Plant Biotechnology
Online ISSN : 1347-6114
Print ISSN : 1342-4580
ISSN-L : 1342-4580
Original Papers
Altered levels of primary metabolites in response to exogenous indole-3-acetic acid in wild type and auxin signaling mutants of Arabidopsis thaliana: A capillary electrophoresis-mass spectrometry analysis
Aya AnegawaMiwa OhnishiDaisuke TakagiChikahiro MiyakeChizuko ShichijoKimitsune IshizakiHidehiro FukakiTetsuro Mimura
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2015 Volume 32 Issue 1 Pages 65-79


A comprehensive analysis of the levels of primary metabolites in wild type (WT) and several auxin-signaling mutants namely, tir1, slr and arf7 arf19 of Arabidopsis thaliana has been performed using CE-MS, a technique particularly sensitive for the measurement of polar compounds. We first measured the levels of primary metabolites in shoots and roots, most of the analyzed metabolites were found to be quantitatively and qualitatively comparable in WT and three kinds of mutants (tir1, slr and arf7 arf19). Some amino acids such as GABA, Arg, Orn, Val, Thr, Leu and Ile exhibited a unique pattern of distribution between shoots and roots in both WT and the mutants. On the other hand, the mutant slr showed a quite different pattern of metabolites measured in the present study.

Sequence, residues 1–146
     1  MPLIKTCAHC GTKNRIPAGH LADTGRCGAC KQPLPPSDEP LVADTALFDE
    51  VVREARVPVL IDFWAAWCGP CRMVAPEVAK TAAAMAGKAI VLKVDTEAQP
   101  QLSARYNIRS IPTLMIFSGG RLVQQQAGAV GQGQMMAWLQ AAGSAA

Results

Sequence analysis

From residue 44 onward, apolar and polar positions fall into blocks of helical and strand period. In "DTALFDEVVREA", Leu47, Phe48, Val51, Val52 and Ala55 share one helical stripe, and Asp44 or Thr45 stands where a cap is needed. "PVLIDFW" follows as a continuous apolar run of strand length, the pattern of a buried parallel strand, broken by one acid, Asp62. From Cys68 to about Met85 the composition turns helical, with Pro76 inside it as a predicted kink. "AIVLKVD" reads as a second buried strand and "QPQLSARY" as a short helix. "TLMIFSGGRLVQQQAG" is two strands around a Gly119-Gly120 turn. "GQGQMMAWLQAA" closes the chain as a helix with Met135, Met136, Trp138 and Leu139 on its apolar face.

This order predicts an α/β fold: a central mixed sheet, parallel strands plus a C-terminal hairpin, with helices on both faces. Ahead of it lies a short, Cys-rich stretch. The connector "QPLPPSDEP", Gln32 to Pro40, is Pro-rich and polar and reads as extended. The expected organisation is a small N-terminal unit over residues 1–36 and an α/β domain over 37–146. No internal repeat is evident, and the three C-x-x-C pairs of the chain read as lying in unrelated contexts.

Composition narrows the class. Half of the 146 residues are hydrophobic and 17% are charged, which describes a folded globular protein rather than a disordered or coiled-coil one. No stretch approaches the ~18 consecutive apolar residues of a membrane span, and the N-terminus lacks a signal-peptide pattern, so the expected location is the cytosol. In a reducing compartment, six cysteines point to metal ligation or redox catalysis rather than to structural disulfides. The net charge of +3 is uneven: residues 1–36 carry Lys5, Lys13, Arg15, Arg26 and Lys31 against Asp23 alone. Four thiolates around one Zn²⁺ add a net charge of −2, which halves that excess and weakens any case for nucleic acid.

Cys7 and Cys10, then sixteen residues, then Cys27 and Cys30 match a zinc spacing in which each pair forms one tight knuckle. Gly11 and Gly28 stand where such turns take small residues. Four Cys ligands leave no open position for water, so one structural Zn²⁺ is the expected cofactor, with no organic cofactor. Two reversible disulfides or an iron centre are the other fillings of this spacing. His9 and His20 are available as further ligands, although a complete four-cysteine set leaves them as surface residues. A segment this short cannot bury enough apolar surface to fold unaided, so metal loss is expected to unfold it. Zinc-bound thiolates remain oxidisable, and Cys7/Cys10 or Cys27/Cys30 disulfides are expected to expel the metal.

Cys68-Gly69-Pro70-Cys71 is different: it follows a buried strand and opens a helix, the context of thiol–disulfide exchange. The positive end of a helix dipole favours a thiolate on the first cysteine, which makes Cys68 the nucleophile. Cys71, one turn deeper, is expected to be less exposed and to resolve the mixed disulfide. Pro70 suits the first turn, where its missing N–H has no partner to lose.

Subsequently, the responses of primary metabolites to a short-term (60 min) application of exogenous IAA (10−7, 10−8 M) in WT and the mutants were characterized. Due to IAA treatments, some amino acids such as GABA in WT roots and Gly and Ala in WT shoots were altered, but not in the mutants. Gln was altered in slr shoots by 10−7 M IAA treatment. Levels of G6P from the glycolic pathway were altered in WT roots and those of 2PG, 3PG were altered in tir1 shoots in response to IAA treatments. The levels of succinate in TCA cycle were altered by IAA treatments in WT shoots but not in the mutants. IAA treatment inhibited the respiration in WT roots. The suppression of respiration might account for the IAA-dependent alteration of some metabolites. Difference of auxin responses between WT and auxin-signaling mutants suggests that some metabolic processes are under IAA control.

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© 2015 by Japanese Society for Plant Biotechnology
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